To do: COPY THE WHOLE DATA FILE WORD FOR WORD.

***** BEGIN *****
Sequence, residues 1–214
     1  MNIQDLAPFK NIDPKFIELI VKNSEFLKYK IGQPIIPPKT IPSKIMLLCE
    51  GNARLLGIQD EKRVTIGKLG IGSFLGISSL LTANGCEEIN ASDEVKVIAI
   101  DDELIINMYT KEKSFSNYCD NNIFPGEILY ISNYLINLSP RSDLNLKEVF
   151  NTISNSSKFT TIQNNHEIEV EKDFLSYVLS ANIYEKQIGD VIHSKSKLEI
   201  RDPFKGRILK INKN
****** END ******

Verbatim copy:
Sequence, residues 1–214
     1  MNIQDLAPFK NIDPKFIELI VKNSEFLKYK IGQPIIPPKT IPSKIMLLCE
    51  GNARLLGIQD EKRVTIGKLG IGSFLGISSL LTANGCEEIN ASDEVKVIAI
   101  DDELIINMYT KEKSFSNYCD NNIFPGEILY ISNYLINLSP RSDLNLKEVF
   151  NTISNSSKFT TIQNNHEIEV EKDFLSYVLS ANIYEKQIGD VIHSKSKLEI
   201  RDPFKGRILK INKN